Erica Weiner in her Greenpoint Studio (Photo: Kirsten O'Regan)

Erica Weiner in her Greenpoint Studio (Photo: Kirsten O’Regan)

“I find gems to be really boring” is not something one expects a jewelry-designer to say, but Erica Weiner says it and means it. “It’s more interesting to talk about De Beers’ advertising campaign than to talk about how big and perfect a diamond is. I do not give a shit about how big and perfect a diamond is.”

Weiner’s an art history major turned cult-status jewelry crafter with a focus on antique-derived pieces—and she’s more interested in exploring the history of people through decorative objects than she is in carat crunching. “Sometimes I wish that I could only sell the really weird stuff,” she says. “I’d definitely be more into that. And make jewelry that was mega weird and niche—whatever perverted, obscure thing I was into. But no fucking way, right? It’s a business.”

It sure is, and an impressive one at that. Weiner is speaking from a couch in the midst of her treasure chest of a workspace, which is currently a hive of activity in preparation for her  this weekend. The ten-woman strong team is currently tasked with rummaging through storage, searching for items they’re ready to part with. Weiner turns contemplative as she surveys the activity. “It’s almost like the small business I started a few years ago has turned into a few businesses,” she muses.

Weiner now has experts in the studio to "translate" her ideas (Photo: Kirsten O'Regan)

Weiner now has experts in the studio to “translate” her ideas (Photo: Kirsten O’Regan)

Certainly Erica Weiner—both the brand and the woman—have gone through several transformations to get to this stage. Weiner doesn’t have a background in jewelry or design. She started out doing theatrical costuming. “You’ve gotta run around, find stuff that you can make a period costume out of,” she says. “A combination of antique stuff, new stuff—patch it together, make it look a certain way.”

She moved from theater to fashion, but found that neither world fit quite right. “I had never been very good at working for a boss,” she admits, ruefully. “Showing up on time was not something I was good at. Nor was taking direction. I got fired from a lot of jobs.” So, in 2005, just as enthusiasm for handmade local crafts was burgeoning and Williamsburg was becoming the Williamsburg we know today, Weiner began making jewelry.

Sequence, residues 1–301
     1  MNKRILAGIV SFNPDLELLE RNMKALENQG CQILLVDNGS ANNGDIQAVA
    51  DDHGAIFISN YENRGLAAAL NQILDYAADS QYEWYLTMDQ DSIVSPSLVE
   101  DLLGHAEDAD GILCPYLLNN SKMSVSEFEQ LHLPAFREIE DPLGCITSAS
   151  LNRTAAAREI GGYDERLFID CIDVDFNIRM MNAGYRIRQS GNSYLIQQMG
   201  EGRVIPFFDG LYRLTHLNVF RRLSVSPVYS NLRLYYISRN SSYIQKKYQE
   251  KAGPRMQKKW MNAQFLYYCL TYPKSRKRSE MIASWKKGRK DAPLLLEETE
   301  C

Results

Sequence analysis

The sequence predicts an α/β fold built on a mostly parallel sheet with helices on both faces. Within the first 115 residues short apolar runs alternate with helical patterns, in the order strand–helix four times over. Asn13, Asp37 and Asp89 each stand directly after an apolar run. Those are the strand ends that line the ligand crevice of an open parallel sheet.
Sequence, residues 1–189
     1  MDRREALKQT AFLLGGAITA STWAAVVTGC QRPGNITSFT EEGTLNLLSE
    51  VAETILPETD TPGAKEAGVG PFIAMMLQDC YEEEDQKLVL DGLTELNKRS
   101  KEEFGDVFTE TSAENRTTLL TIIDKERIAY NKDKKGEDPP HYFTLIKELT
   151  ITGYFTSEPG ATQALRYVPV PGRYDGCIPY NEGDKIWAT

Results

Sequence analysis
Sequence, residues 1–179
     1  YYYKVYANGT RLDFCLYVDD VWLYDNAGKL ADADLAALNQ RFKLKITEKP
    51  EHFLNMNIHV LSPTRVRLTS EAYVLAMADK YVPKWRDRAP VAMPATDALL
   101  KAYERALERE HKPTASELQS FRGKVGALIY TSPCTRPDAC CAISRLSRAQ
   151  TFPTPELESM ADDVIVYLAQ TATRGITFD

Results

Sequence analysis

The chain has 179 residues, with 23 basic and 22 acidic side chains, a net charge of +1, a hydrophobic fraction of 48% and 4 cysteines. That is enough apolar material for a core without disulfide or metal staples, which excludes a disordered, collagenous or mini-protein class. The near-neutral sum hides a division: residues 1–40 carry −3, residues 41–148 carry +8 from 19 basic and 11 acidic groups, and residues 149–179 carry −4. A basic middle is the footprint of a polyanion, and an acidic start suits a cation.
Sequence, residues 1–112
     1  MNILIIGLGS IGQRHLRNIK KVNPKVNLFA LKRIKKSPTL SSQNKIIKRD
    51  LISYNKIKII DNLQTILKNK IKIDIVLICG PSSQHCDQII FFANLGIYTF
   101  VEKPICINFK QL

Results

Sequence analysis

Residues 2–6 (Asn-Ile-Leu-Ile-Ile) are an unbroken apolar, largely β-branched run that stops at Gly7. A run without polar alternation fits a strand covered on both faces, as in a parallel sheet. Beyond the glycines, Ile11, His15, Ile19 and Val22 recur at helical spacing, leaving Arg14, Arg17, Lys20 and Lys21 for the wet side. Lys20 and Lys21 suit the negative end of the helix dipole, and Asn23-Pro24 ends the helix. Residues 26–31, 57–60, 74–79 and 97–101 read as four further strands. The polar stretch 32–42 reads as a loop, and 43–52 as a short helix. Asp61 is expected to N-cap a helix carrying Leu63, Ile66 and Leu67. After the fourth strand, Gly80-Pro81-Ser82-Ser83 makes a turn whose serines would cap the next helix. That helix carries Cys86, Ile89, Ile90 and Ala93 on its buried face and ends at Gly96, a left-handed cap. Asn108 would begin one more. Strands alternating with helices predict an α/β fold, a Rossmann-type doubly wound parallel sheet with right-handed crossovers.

The studio design board (Photo: Kirsten O'Regan)

The studio design board (Photo: Kirsten O’Regan)

She started off with the delicate brass charms she’s still so well known for, cobbling vintage found objects into hand-crafted pieces and selling them at markets. “Somehow, I’d make enough money one weekend to buy supplies to make stuff for the next weekend,” she recalls. Within the year, she’d already got her first wholesale orders and teamed up with business partner Lindsay Salmon (unlike Weiner, a gem enthusiast). Four years ago, she established her first store in Nolita; a year and a half ago she opened another location in Boerum Hill. Last October, her studio relocated from Chrystie Street to her current nook on the Williamsburg/Greenpoint border.

(Photo: Kirsten O'Regan)

(Photo: Kirsten O’Regan)

Weiner’s jewelry has always incorporated antique elements into original designs, and she’s still producing these idiosyncratic lower-end pieces for sale: in her stores, online, and wholesale (through outlets like Urban Outfitters). But her focus has definitely shifted, due in part to what she calls her “really short attention span.”

(Photo: Kirsten O'Regan)

(Photo: Kirsten O’Regan)

In 2011, Weiner got hitched—in a beautiful ceremony that happened to be featured in Martha Stewart Weddings. In preparation, she started visiting “the few cool antique jewelrs in town” (her list includes Doyle & Doyle, and Erie Basin). “And I was like, oh my god, this is so awesome I never want to touch brass jewelry again,” she remembers, laughing. They started selling a few diamond rings, with tiny stones, in store—and worked their way up from there. Now, the wedding and fine jewelry collection (including both antiques and original designs sold under the label “1909”) accounts for 50% of their business.

Which is just as well, because hunting for vintage trinkets is Weiner’s favorite task—especially when she gets her hands on peculiarly alluring pieces. One niche type of jewelry she’s always keeping an eye out for is particularly hard to find: pendants fashioned out of slices of the first (now defunct) transatlantic cable. “It has like a million beautiful spiraled colored wires that look like dots,” she says, wistfully. “I really want to find one.”

Weiner may not have a transatlantic cable necklace handy, but plenty of other gorgeous, whimsical pieces will be up for grabs at the upcoming sample sale. Swing by her studio at 50 Dobbin St this weekend (Friday, July 18, 4-8pm; Saturday, July 19, 12-7pm; Sunday, July 20, 12-4pm) for kegs of beer, and antique overload.

Click though the slideshow below to see Erica’s studio space and jewellery (many of the pieces pictured can be found at the sale).